Mediterranean-wide collaboration to improve conservation status of two endemic seabird species launched

June 17, 2021 5:30 pm

­BirdLife Malta has today launched another EU-funded scientific study which aims to improve the conservation status of two endemic seabird species in the Mediterranean Basin. The LIFE PanPuffinus! project is a unique transboundary collaboration which will protect two threatened Mediterranean seabirds, the Yelkouan Shearwater and the Balearic Shearwater, through a joint large-scale conservation partnership.

€3.45 million LIFE PanPuffinus! project is co-funded by the EU’s LIFE programme and Malta’s Ministry for Agriculture, Fisheries, Food and Animal Rights

The initiative brings together BirdLife Partners and organisations from five countries to address threats to Yelkouan and Balearic Shearwaters at land and sea

After successfully running three seabird-focused LIFE projects, BirdLife Malta has now joined forces with its BirdLife Partners from another four countries (France, Greece, Portugal and Spain), as well as another two government entities (one in Malta and one in Greece), for a unique Mediterranean-wide collaboration for the conservation of these two seabird species. The project will tackle two major threats that these seabirds encounter throughout their entire life cycle, both terrestrial and marine: predation by invasive mammal species on land, and accidental capture by fishing gear (bycatch) at sea.

The €3.45 million project (LIFE19 NAT/MT/000982), co-funded by the European Union’s LIFE programme and Malta’s Ministry for Agriculture, Fisheries, Food and Animal Rights, will run for five years, until 2025. The EU’s LIFE programme has supported environmental, nature conservation and climate action projects since 1992, and has funded previous BirdLife Malta seabird projects.

The project was launched this morning at BirdLife Malta’s Salina Nature Reserve under the distinguished patronage of Minister for Agriculture, Fisheries, Food and Animal Rights Anton Refalo together with Parliamentary Secretary for European Funds Stefan Zrinzo Azzopardi.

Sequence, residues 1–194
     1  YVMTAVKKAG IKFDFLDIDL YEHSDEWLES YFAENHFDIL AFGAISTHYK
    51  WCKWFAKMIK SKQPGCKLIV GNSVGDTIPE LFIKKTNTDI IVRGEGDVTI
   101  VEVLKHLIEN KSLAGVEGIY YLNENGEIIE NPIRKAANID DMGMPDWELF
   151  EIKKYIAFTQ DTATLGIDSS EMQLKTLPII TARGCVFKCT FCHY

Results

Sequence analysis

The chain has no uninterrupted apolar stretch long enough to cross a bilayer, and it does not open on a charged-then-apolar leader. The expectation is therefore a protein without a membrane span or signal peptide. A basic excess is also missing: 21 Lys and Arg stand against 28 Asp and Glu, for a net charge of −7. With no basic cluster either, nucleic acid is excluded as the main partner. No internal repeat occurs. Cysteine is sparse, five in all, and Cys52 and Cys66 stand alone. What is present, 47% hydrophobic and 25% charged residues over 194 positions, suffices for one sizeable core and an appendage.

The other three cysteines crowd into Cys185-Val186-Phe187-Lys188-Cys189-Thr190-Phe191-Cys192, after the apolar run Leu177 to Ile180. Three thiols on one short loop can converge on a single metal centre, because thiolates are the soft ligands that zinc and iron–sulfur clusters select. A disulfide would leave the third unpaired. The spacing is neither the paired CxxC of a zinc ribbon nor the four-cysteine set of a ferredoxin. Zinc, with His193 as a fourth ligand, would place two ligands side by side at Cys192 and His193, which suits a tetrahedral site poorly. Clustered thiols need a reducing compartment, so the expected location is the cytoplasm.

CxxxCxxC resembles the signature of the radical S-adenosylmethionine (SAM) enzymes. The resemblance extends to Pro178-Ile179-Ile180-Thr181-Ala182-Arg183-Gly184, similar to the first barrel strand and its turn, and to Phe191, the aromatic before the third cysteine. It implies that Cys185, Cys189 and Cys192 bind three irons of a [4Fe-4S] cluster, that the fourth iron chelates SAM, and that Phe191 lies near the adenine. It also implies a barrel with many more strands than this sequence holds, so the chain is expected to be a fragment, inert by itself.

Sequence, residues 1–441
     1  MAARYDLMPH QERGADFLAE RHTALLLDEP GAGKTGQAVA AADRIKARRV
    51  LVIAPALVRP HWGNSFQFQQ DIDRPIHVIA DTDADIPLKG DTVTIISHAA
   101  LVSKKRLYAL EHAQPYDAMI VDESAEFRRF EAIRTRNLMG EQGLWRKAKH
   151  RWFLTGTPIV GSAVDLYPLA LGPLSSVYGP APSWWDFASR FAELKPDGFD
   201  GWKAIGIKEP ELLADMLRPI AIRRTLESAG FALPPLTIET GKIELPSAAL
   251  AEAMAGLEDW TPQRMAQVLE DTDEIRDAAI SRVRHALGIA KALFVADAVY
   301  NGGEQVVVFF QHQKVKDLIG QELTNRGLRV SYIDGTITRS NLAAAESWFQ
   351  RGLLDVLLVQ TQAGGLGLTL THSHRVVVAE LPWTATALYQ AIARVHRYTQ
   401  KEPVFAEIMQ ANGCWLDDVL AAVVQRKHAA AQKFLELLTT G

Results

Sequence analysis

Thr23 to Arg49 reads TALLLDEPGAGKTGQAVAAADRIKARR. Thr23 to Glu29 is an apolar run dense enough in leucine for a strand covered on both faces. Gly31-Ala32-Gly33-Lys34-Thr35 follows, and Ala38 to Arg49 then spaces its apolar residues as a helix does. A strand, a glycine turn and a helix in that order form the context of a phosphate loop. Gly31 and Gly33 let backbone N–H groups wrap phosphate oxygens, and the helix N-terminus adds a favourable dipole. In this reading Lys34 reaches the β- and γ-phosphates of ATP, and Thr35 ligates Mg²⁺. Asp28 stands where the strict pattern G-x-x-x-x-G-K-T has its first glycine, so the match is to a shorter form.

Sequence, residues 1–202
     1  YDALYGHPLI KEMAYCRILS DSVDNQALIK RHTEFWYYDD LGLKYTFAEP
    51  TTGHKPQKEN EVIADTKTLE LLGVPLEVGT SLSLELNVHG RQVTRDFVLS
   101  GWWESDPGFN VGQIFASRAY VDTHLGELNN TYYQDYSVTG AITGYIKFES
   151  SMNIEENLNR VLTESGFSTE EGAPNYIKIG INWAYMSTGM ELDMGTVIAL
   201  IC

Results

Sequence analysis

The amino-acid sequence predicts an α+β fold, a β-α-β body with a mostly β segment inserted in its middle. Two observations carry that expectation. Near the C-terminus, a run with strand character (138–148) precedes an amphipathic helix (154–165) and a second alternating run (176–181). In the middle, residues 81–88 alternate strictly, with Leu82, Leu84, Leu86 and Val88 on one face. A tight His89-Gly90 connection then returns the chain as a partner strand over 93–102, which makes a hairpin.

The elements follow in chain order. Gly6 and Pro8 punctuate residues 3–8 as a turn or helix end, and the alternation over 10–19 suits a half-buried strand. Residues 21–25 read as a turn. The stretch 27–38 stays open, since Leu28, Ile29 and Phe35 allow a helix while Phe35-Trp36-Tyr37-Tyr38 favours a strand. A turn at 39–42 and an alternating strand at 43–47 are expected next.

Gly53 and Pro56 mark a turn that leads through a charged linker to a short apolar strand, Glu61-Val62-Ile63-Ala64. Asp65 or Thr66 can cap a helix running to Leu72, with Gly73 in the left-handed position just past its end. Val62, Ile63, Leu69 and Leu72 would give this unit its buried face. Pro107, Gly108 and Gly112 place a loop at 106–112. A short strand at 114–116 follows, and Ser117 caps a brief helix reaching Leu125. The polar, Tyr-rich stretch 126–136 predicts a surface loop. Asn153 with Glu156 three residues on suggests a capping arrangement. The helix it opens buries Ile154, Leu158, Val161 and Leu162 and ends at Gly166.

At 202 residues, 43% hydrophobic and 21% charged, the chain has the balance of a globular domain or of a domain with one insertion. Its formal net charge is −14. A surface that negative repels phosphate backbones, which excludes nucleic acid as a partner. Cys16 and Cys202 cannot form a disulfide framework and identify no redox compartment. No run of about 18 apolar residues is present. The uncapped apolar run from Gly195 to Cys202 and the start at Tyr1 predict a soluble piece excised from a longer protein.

Minister Refalo addressed the launch and described the project as another stepping stone in a series of initiatives the Government is implementing aimed at the protection of the environment and sustainable development. He said that this Ministry’s active support to the project and the co-financing of 40% in national funds strongly confirm the commitment to actions and projects that also aim at the preservation of endangered species and the strengthening of the blue economy. Expressing his confidence that this collaboration with BirdLife Malta will yield successful results, Minister Refalo described LIFE PanPuffinus! as an excellent example of how national and European funds can be combined in order to achieve actions that benefit both the local environment and, in extension, the European environment as a whole, with tangible results that positively impact the everyday lives of the Maltese people.

Presentation of the project by the Project Manager Manya Russo. (Photo by Alexandr Krushlinsky)

On the other hand, Parliamentary Secretary Stefan Zrinzo Azzopardi stated that LIFE PanPaffinus! is part of the European LIFE programme, spearheaded by BirdLife Malta together with various other organisations in Europe with an investment of €3.5 million, whereby more than €2.1 million are all funded with european funds. He said that this project is proof that when Member States collaborate and work closely together, better results can be achieved more effectively. Stefan Zrinzo Azzopardi stated that in this case this collaboration will lead to a better environment due to the preservation and conservation of the two endemic Mediterranean seabirds.

In an introduction to the project, LIFE PanPuffinus! Project Manager Manya Russo explained how this EU-funded project’s objectives are to quantify the scale and extent of fisheries bycatch, and mitigate these impacts through the development and implementation of a number of measures. The project will also work to decrease the rate of predation by rats through a thorough predator management and biosecurity plan in Malta and across partner countries. Finally, a key aspect will be the educational, and capacity-building aspect, using this project as a platform to raise awareness on the plight of these seabirds and tangible actions to drive change.